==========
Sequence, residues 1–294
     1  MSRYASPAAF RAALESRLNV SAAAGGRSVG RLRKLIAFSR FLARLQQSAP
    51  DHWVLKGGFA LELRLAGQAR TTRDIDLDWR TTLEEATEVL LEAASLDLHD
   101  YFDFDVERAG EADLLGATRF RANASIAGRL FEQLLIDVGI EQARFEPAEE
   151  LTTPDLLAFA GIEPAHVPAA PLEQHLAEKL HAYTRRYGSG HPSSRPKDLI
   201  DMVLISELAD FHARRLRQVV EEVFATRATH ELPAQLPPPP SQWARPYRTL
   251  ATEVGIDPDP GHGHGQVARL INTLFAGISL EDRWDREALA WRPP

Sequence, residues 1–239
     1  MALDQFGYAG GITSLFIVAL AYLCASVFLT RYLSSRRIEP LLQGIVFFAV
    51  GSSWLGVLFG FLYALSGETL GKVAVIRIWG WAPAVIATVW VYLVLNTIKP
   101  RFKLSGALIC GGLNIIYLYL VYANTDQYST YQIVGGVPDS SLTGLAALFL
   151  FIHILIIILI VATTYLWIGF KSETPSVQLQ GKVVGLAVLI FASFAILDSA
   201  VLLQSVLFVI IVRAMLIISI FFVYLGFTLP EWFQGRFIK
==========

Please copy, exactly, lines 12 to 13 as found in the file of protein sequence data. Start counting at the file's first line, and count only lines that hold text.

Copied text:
   151  FIHILIIILI VATTYLWIGF KSETPSVQLQ GKVVGLAVLI FASFAILDSA
   201  VLLQSVLFVI IVRAMLIISI FFVYLGFTLP EWFQGRFIK